How does rising atmospheric CO2 affect marine organisms?

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Aquatic Herbivores in a CO2-Enriched World of the Future
Urabe, J. and Waki, N. 2009. Mitigation of adverse effects of rising CO2 on a planktonic herbivore by mixed algal diets. Global Change Biology 15: 523-531.

The authors write that "the ongoing increase in atmospheric CO2 level is expected to increase primary production in both terrestrial and aquatic ecosystems," and that this increase is generally thought to be favorable to herbivores because it increases food availability. However, as they continue, elevated CO2 "often decreases the contents of key elements such as nitrogen (N) and phosphorus (P) relative to carbon (C)," and they say that this phenomenon "may have a negative affect on herbivore growth."

What was done
To explore this possibility, Urabe and Waki grew three algal species -- Scenedesmus obliquus (green algae), Cyclotella sp. (diatoms) and Synechococcus sp. (cyanobacteria) -- in mono- and mixed cultures at ambient (360 ppm) and high (2000 ppm) CO2 levels, and allowed a planktonic herbivore (Daphnia) to feed on the different algal populations thereby produced either individually or in various mixtures.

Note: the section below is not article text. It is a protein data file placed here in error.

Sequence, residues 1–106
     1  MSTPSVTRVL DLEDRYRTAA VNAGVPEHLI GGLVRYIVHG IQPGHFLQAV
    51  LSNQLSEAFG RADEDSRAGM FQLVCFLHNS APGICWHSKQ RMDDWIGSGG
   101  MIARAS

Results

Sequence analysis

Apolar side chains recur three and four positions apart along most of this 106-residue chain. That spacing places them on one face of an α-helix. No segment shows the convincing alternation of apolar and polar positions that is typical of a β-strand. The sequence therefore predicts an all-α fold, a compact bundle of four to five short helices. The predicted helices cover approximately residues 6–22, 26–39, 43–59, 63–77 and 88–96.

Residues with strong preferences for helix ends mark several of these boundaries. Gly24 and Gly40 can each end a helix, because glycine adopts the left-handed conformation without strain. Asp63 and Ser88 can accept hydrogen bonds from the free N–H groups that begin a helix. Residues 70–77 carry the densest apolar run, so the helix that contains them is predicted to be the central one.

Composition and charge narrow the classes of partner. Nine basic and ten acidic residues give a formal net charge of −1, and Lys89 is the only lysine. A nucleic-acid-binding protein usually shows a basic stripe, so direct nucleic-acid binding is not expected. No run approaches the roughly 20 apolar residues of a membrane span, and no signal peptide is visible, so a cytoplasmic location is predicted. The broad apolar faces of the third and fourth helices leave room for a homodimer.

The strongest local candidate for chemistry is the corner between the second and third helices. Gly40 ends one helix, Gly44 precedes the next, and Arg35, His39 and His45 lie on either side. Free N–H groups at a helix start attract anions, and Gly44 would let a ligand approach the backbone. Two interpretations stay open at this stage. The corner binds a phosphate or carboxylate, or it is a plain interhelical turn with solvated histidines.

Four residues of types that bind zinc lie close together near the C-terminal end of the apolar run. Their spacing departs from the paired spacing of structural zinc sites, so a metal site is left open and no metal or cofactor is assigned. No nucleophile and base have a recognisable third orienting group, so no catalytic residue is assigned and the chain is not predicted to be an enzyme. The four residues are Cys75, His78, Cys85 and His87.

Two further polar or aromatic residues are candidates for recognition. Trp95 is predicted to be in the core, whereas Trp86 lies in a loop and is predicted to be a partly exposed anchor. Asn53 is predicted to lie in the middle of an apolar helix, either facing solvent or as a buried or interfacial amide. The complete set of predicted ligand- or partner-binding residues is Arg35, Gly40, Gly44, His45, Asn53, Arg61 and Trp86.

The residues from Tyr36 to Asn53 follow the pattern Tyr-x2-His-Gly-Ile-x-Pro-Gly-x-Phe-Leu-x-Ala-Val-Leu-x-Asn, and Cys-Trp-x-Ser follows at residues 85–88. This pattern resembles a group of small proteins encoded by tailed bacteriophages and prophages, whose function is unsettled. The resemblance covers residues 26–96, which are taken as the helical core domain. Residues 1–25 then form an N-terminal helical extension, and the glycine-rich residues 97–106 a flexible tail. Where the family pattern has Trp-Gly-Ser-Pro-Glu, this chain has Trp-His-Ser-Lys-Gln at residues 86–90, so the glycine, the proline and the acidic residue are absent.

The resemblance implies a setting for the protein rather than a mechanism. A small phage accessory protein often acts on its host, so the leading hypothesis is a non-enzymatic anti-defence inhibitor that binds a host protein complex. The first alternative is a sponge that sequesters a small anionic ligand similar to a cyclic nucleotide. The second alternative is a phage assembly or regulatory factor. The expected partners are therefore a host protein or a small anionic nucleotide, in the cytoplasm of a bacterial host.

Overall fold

What was learned
The two researchers report that, as expected, "both in the mono- and mixed cultures, algal steady state abundance increased but algal P:C and N:C ratios decreased when they were grown at high CO2." Also as expected, they found that "Daphnia fed monospecific algae cultured at high CO2 had decreased growth rates despite increased algal abundance." But "when fed mixed algae cultured at high CO2, especially consisting of diatoms and cyanobacteria or the three algal species," they found that "Daphnia maintained high growth rates despite lowered P and N contents relative to C in the algal diets."

What it means
Urabe and Waki say their results imply that "algal diets composed of multiple species can mitigate the adverse effects of elevated CO2 on herbivore performance," and that "in environments with high CO2, herbivores may find a new diet producer or a combination of producer species to best meet their nutritional demands."

Interestingly, the advice that nutritionists often give to people -- to eat a wide variety of foods -- would appear to apply to aquatic herbivores as well (and maybe even terrestrial herbivores), especially in a high-CO2 world of the future. And maybe we should retain that wisdom too, for variety, it would seem, may be more than just the spice of life.

Reviewed 6 May 2009